In this video, we avoid telling the creatures what their survival chances are and let them figure it out themselves. This is the fifth in the series on evolution.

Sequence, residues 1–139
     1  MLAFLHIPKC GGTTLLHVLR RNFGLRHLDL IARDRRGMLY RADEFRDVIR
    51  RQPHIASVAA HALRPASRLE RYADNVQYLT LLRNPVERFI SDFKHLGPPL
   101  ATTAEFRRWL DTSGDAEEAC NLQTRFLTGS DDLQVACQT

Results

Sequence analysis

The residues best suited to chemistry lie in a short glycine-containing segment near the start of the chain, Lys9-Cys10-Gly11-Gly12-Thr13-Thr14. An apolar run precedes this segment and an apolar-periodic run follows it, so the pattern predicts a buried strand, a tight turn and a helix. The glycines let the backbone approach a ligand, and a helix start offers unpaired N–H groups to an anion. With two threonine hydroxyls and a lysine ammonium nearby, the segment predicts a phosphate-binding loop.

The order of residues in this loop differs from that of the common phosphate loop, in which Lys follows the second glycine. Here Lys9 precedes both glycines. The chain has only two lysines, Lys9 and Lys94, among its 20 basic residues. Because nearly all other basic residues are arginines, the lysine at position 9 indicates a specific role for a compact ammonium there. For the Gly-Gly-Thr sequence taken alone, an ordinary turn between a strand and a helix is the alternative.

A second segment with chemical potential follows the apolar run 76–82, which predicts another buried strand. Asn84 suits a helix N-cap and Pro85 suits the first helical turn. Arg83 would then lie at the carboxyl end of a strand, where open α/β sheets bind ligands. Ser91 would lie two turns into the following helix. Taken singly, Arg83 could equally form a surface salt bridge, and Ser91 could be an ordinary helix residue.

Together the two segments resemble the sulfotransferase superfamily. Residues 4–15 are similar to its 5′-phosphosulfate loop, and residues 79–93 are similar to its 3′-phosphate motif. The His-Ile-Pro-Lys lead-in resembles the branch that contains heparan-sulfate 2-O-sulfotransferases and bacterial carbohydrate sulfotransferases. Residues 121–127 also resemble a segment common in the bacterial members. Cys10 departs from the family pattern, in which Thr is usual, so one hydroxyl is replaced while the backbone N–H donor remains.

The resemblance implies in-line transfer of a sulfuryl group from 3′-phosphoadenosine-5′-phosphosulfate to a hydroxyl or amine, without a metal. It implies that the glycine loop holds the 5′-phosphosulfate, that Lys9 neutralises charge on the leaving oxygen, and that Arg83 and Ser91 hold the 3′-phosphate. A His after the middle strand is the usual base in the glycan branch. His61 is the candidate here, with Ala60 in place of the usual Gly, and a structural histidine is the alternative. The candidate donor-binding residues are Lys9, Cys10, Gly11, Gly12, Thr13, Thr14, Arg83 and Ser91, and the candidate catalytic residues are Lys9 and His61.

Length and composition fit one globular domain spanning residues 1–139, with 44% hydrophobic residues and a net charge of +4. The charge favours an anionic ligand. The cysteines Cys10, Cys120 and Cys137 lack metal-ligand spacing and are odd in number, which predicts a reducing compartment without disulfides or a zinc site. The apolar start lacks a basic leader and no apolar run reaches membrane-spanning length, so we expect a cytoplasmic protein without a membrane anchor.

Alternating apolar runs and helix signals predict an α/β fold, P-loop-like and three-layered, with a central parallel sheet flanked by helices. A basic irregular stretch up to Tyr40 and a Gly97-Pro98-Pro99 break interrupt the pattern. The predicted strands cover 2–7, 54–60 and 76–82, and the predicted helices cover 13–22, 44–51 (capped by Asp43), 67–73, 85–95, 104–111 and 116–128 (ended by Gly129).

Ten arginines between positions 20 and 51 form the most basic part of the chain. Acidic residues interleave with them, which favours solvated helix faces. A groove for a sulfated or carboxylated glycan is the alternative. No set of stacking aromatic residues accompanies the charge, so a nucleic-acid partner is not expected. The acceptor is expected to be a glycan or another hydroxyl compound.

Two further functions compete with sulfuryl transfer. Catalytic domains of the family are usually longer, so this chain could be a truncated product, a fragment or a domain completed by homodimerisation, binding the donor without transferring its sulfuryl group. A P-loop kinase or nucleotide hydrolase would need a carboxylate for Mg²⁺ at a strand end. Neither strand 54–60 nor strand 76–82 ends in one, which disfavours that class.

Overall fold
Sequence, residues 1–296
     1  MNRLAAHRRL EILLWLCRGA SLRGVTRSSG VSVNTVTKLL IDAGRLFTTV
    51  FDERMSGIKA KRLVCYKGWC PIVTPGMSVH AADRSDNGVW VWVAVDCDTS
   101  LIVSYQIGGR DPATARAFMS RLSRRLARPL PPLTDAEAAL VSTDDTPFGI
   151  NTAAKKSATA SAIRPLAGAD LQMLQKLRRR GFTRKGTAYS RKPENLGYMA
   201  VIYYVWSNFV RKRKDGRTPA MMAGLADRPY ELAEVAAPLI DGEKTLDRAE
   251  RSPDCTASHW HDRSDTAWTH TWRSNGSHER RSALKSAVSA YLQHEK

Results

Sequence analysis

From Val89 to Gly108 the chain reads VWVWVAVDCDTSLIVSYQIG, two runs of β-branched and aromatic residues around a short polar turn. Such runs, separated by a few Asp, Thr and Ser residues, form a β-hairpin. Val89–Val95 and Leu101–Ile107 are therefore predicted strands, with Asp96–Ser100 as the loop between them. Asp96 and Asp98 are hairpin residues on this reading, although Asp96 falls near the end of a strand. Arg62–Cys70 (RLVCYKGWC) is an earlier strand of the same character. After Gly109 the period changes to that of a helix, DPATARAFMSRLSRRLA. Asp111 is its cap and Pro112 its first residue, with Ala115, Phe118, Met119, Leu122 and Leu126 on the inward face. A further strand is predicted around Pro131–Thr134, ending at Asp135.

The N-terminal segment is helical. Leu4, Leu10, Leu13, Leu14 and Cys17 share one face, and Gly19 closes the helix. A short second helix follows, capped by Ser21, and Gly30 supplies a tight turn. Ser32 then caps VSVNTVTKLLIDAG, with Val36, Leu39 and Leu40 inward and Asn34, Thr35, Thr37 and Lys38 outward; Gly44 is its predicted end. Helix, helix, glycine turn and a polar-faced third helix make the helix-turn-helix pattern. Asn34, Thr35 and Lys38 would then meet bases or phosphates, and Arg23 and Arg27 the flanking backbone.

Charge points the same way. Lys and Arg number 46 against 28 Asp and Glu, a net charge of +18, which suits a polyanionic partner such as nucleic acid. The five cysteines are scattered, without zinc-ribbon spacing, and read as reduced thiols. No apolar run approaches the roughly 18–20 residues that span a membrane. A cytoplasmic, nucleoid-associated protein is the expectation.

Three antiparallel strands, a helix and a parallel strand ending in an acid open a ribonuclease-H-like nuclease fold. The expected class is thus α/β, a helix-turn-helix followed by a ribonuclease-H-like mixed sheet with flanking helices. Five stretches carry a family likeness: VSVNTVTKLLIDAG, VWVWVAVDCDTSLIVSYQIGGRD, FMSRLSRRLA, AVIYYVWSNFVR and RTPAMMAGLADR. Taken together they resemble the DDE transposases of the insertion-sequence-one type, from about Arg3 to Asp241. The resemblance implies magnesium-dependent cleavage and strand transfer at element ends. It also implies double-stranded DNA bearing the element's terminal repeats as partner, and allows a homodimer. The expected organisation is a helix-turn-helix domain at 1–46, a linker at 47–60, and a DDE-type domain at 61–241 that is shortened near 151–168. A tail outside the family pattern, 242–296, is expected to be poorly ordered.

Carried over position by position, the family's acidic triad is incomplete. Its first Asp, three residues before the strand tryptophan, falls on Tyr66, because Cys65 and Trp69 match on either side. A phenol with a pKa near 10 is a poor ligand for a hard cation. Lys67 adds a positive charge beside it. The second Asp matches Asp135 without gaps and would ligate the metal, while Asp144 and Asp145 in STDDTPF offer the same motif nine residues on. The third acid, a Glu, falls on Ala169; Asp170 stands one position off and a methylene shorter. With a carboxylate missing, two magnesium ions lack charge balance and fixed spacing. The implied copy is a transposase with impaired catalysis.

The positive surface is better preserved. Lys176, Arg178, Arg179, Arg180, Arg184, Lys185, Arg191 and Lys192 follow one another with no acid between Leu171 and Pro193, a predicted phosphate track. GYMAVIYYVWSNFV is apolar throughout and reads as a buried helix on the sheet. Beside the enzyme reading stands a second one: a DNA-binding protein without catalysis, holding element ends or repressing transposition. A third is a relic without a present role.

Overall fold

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This video is about natural selection. If you've watched the previous videos in this series, you've seen these blob creatures live, die, and replicate; but it's been a little bit artificial. We just gave each type of creature a replication chance and a death chance and we saw what happened. With natural selection though, we usually can't know precise replication and death chances. Instead, selection comes from interactions between a creature's traits and its environment. So in this video we're going to make a real evolving system by putting our blob creatures into a simple environment and giving them traits. Let's see what we can learn by watching some actual natural selection happen. Alright so what does our environment look like? Creatures will live on this plane, and each morning, food appears on the plane and the blobs emerge from their homes around the edge to go out and eat the food. Here are the rules: if a blob fails to find any food before running out of energy, it will die. If a blob gets one piece of food and manages to get back home to the edge, it will live on to the next day. And, if a blob gets two pieces and gets home, it will survive to the next day and also replicate, adding another creature to the next day. So that's the environment. Before we talk about a creatures traits and how they might vary, let's just watch these creatures live their lives for a few generations. So we see that these creatures can manage to live over several generations in this environment and The number of creatures actually expanded over the first few days and then leveled off. So the population started out below the carrying capacity but once the population expanded to around 95, the creatures really had to compete with each other for food. Once we allow mutations, the variation will give some creatures an advantage and we'll start seeing some natural selection of traits. So let's turn on mutations and see what happens. Let's start out with one trade varying: speed. Each time a creature replicates, there's a chance that a mutation will give the new creature a slightly lower or slightly higher speed. Speed is great because it allows you to beat other creatures to the food; but speed will also have a cost: moving quickly is less efficient. If a creature speed is doubled, it will cover a distance in half the time but use twice as much energy to go that distance. Faster creatures can't forage over as much ground as slower creatures, so they might not find food before running out of energy. If we unpause this world with speed mutations turned on, what would you predict? When the faster creatures start appearing, will they sprint to victory? Or will the slower creatures prove the virtue of patience? It could also turn out that the current creatures have struck a good balance, or it could be that being fast and being slow are both good strategies; it's hard to say at this point. We'll just have to unpause and see what the nature of the situation is. Let's speed it up a bit so we can see more generations. All right, so it turns out to be worth sacrificing efficiency for speed in this environment. Or, at least the initial speed value I picked was slower than optimal. This is our first example of natural selection. We didn't know the best speed value going in, but the creatures mutated and somewhat randomly tried out different speed values, and then through natural selection the population evolved to have a higher average speed over time. I want to double down on that last point: the *population* evolved. As much as we all love Pokemon, individuals don't evolve in the biological sense of the word. Populations evolve over generations. One interesting thing to notice is that as the average speed of the population went up, the number of creatures in any given day tended to go down. The creatures now compete more fiercely and are less efficient overall. This is part of the meaning of the term "Selfish Gene". We'll talk more about genes and the term "Selfish Gene" in future videos, but for now just notice that even though we might call these creatures better because they did better in the competition for survival, the total population size actually went down. Selection didn't happen for the good of the species as a whole, but again, more on that in future videos. Alright, now that we've gotten our feet wet with one varying trait, let's add two more: size and sense. First, size. Size scales the creature in all three dimensions. The benefit of size is that it lets you eat other creatures if you're at least 20% larger than them. Getting an extra food source is great if you can pull it off, but being big costs a lot of energy. The energy cost depends on the cube of a creature size value I could have picked any function for the energy cost I suppose, but I made it a cube because volume scales as the cube of length, and volume is closely linked to the mass a creature has to carry around. The total energy cost of a creature's movement each time step is equal to the cube of the creature's size times the square of the creatures speed from before, which you might notice is reminiscent of the formula for kinetic energy. But anyway, it's especially costly to be both big and fast. And, on top of this cost, smaller creatures will actually run from creatures big enough to eat them. So, to benefit from being big, you need at least some speed. Long story short, being big is high-risk and high-reward. The third trait is sense. Each creature has a certain sensing distance at which it can sense food or other creatures. Once a creature sees food or a smaller creature, it can move straight toward it. Or, if it sees a bigger creature it can run away. This sensing distance gets larger as a creature's sense rate goes up, allowing it to avoid danger and be more efficient with its movements. Each time step, a creature pays a movement energy cost which depends on its size and speed, and a sensing energy cost which is just equal to its sense rate. All right, so now that we have three traits, let's rewind to before we turned on speed mutations, and instead, turn on mutations for all three traits. To keep track of what's happening to all three traits at once, we're going to use this three dimensional graph. Each dot in the graph represents one creature, and the position of the dot depends on the speed, size, and sense values for that creature. All right, let's see how it goes. So what can we say about the results? The first thing I notice is that the average speed is significantly different from what it was when only speed was allowed to vary, which is a little bit surprising because we didn't explicitly change anything about how speed works. But with sense and size able to vary, different creatures were able to appear. A creature's environment includes all the creatures around it, and for whatever reason, speed just wasn't as valuable this time around. And there's one other thing I noticed: when I first ran the simulation, I thought there would be a pretty intense selection toward creatures with higher sense, because sense informs everything else that creature does and it doesn't cost very much. But instead, sense is fairly spread out and centered roughly around the starting value. That's the thing about natural selection. It doesn't care what I or anyone else thinks is best. It. Just does what it does. All right, one last simulation. Let's see what happens if we change the environment more explicitly. Let's go to ten food each day. It's pretty clear that this won't be able to support the population of about 50 creatures we currently have, so the number of creatures will go down. But what else will happen? I don't know. We'll just have to see. Hm. Okay, well, apparently, the creatures that thrived with 100 food just aren't able to cut it with only ten, even though there should be enough for, say, five to ten creatures. So it looks like if it's going to be possible to survive with only ten food, there's gonna have to be some time for the population to adjust. So instead, let's do this: we'll rewind to before we reduce the food and then every two days we'll put out one less piece of food until eventually we're only putting out 10 pieces of food each day. All right… So it's not too surprising that in a lower food environment, things aren't just crowded and being big just isn't worth it anymore. Sense, on the other hand, became super valuable now that a low sense creature can easily go a whole day without seeing anything, and die. And now speed is actually really valuable again. This surprised me actually; I thought in a sparse environment that efficiency would be king, making both size and speed go down, but apparently speed is actually more valuable now. So again, I can't predict it. So other than reiterating the fact that I don't know what's going to happen, what can this teach us? Well, to put it plainly: the environment matters. A lot. Reducing the amount of food didn't just reduce the number of creatures; it totally changed which creatures exist. You'll often see evolution depicted as this march toward more and more advanced or complex or higher creatures, but that's not how it is at all. The only thing that matters is how well the creature is adapted to its environment. Okay, so, before we go, let's do a quick recap: Even with this relatively simple environment we created, we were able to see some important principles in action. But we're not done yet. In the next few videos, we'll keep exploring natural selection by trying to see how some more complicated and even counterintuitive traits can be favored. See you then!